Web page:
college of education | fall 2002

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A Man for All Seasons
-- MSU Great and Hall-of-Famer Robin Roberts Remembers His Alma Matter and Playing Days

Robin Roberts turns silent. He rears back in his chair and clasps his hands across his chest. After a moment, the septuagenarian allows a smile to crest on his broad face “There was no television back then,” he says of his youth in the 1930s. “We’d follow the major leagues through the radio and we knew who all the players were. I didn’t give any thought to being a professional athlete. The guys in the big leagues were bigger than life. You couldn’t associate yourself with them. I thought I’d be a teacher and coach.”

But associate with professional athletes he did. In his elegant career in Major League Baseball, Roberts pitched his way to 286 victories – only 23 other players have won more games. In a sport obsessed with statistics, his numbers speak for themselves. He struck out 2,357 batters and walked only 902, a ratio any pitcher would relish, and has a 3.41 lifetime ERA. For six consecutive seasons in the 1950s, the right-hander won 20 or more games for his beloved Philadelphia Phillies. In the seventh season, he won 19.

And to think that his career as a pitcher started at MSU almost by accident. The son of an immigrant Welsh coal miner, Roberts wound up in East Lansing as part of an Army Air Corps training program. After the war ended in 1945, he took his leave of the service and returned to MSU to play basketball.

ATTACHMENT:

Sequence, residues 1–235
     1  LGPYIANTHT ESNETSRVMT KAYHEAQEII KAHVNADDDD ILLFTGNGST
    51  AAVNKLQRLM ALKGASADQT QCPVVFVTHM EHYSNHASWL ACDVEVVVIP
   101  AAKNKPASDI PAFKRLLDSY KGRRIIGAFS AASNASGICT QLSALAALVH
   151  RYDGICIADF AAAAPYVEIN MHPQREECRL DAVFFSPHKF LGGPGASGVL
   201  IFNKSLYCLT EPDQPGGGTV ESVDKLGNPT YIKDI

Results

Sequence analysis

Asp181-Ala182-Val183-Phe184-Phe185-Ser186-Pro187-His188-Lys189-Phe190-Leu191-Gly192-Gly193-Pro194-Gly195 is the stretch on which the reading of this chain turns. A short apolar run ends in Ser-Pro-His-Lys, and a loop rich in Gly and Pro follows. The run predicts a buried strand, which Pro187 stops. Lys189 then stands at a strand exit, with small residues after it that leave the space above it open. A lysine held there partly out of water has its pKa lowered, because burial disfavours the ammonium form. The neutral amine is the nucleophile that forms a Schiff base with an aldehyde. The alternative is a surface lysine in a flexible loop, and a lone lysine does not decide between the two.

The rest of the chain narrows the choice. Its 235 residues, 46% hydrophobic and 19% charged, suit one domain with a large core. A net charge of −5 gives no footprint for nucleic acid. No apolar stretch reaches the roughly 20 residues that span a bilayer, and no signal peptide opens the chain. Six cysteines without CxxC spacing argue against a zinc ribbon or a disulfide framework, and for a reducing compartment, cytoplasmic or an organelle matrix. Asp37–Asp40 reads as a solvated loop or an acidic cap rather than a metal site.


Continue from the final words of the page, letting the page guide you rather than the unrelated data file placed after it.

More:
He was good at it, but after his second season he made his way to legendary baseball coach John Kobs. He told Kobs he could play. Kobs asked him what position. The answer is classic Robin Roberts. “I told him, What do you need? He said he needed pitchers. So I became a pitcher.”

He never looked back. The summer before he finished his degree in physical education with minors in physical science and history, Roberts signed a contract with the Phillies and earned himself a $10,000 bonus. (He used the money to build his mother a house.)








He would spend the next 18 seasons on the mound for the Phillies and a handful of other teams. To look at him now, 36 years after he retired, one can still see at times the fire in his eyes, flickering when he recounts the pitch he threw to an aging Joe DiMaggio in the 1952 World Series. DiMaggio drove the fastball into the seats.

And yet there is nothing flashy about the man. Robin Roberts’ enduring appeal is atavistic, rooted in the belief that somewhere in the not-too-distant past things were better. In taking the measure of man like Roberts one is allowed to believe that Superman could be Clark Kent in his off hours, that our sports heroes could be decent human beings not simply to preserve their endorsement contracts, but because it fit their personalities as well as the cut of their uniforms. 

In the end, Roberts’ exploits on the field earned him the ultimate honor, induction in the Baseball Hall of Fame. He never did become a schoolteacher, but he did coach baseball at the University of South Florida for eight seasons.

It’s been a remarkable life, the Hall of Famer says as he leans forward and his eyes look away. He still loves the game, but there’s no denying things have changed. He turns pensive for a moment then brightens up. “It was different then,” he says softly. “We played for the love of it. I ended up involved with Major League Baseball and the Philadelphia Phillies and never regretted a bit of it. Not one bit of it. And I love coming back to East Lansing and Michigan State.”


| Back to Contents | A year to Remember: 1,2,3,4,5,6,7 |